JJ – “The tournament includes “rich traditions” that were manufactured by the business owners ten years ago. ”

    “Rich” for the owners – sounds like they’re raking in the $$$! 🙂

  19. lollipoplover April 29, 2013 at 1:44 pm #

    I prefer to raise Willow trees that are tough and pliable. Bonsais are like the orchids of the tree world. Pretty, yes, but way too much effort and entirely too delicate. Give me a flowering Cherry or a Weeping Willow any day. Parenting too has turned into a high maintenance activity– just like trimming Bonsais.

    My mother always said don’t try to make a happy child happier and it was the best advice I ever got. Adults like to complicate things (like the pet adoption process) so much that it takes the basic joy out of simple activities. Besides, you can’t actually climb a Bonsai tree, can you?

  20. Leila April 29, 2013 at 2:09 pm #

    Curious whether you’ve posted anything about the new movie The Croods? We just watched it last night and I loved the message that “not dying” is not the goal of living…and that even brainless cavemen can change their ways, try new things, and enjoy living on the edge a little bit! 🙂

  21. Papilio April 29, 2013 at 2:20 pm #

    The other comparison I often hear/read when it comes to raising completely sheltered children that experience nothing, is ‘treating them like princes/princesses’.
    I was reminded of that when I read about a 46-year-old father or three daughters saying that his children need to make their own mistakes. He intended to give them that space.

    But oh well, what would Willem-Alexander of Orange know about raising princesses?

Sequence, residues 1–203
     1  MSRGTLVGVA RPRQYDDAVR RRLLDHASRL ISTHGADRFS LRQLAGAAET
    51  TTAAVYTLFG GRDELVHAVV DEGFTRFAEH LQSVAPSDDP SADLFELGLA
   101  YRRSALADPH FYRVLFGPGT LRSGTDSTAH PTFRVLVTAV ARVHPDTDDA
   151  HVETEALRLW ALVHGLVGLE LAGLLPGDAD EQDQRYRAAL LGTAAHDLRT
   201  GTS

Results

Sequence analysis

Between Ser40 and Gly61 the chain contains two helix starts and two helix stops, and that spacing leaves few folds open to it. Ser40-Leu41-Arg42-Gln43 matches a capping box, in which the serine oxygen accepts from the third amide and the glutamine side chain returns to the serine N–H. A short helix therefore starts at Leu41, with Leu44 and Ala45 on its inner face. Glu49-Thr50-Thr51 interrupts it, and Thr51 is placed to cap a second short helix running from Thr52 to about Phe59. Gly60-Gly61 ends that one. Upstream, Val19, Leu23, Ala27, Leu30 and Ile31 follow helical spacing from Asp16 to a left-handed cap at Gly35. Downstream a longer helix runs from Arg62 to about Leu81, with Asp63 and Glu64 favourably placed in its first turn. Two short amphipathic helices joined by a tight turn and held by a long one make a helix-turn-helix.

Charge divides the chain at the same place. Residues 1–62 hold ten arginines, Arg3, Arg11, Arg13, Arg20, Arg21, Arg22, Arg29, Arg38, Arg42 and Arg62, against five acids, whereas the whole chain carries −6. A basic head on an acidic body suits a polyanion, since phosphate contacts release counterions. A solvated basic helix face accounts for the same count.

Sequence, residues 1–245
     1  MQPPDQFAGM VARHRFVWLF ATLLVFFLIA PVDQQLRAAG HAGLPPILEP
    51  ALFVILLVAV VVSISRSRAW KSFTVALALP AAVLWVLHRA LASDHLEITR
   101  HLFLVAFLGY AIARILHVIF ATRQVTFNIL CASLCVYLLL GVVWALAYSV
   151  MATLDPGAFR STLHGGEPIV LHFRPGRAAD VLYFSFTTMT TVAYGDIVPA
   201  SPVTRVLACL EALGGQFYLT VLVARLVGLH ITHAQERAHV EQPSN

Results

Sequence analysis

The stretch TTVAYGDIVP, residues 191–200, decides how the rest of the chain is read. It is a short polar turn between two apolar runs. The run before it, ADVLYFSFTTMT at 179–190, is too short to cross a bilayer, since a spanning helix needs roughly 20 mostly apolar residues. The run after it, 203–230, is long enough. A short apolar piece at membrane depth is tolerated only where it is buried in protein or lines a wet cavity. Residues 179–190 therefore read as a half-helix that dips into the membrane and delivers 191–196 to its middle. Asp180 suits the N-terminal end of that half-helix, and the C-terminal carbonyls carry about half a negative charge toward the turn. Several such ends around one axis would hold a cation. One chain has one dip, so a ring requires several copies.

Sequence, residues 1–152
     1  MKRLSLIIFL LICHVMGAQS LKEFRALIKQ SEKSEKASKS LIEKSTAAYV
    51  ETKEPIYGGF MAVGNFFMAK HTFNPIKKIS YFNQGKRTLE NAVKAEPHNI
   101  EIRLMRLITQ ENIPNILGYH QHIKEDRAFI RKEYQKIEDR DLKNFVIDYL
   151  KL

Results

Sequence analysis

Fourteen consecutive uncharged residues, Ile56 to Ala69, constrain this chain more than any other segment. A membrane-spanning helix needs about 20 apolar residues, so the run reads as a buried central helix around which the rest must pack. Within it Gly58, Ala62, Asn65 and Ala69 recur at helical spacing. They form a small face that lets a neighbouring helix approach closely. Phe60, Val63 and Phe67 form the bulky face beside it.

22. BL April 29, 2013 at 2:34 pm #

    Something called “Cooperstown Dreams” just doesn’t *sound* authentic.

    It does sound expensive, though.

  23. Papilio April 29, 2013 at 3:39 pm #

    Or hothouse parenting, after hothouse plants, that are raised in safe, controlled environments but will never survive outside in wind and rain and weather.

  24. lsl April 29, 2013 at 5:17 pm #

    Good news moment: Last winter, 2 of my nieces (then 8 & 12) spent 2 weeks at my house, & then last summer, they each were here for a week. This weekend, they (now 9 & 13) came with another aunt for the day. My SiL didn’t remember how to get to my place, but the girls recognized the bus stop & were able to tell her where to turn.

  25. Donald April 29, 2013 at 5:22 pm #

    Bonsai parenting is a better phrase to describe how many parents trim, prune, and groom their children for display. That’s perfect! I also like the term, “Free Range Kids” as opposed to caging them. Smothering kids in bubble wrap has a similar result as caging hens. Children don’t develop, get bored, revolt and resent the fact that they are not acknowledged as a young adult.

    Egg-laying hens confined to cages do not have space to move, stretch or engage in natural behaviors, which causes them to engage in repetitive or destructive behaviors, such as feather-pulling or pecking at their neighbors. (or cyber bullying on Facebook) Caged hens show more fearful behavior and become prone to skeletal problems because of captivity

  26. Peter April 29, 2013 at 7:45 pm #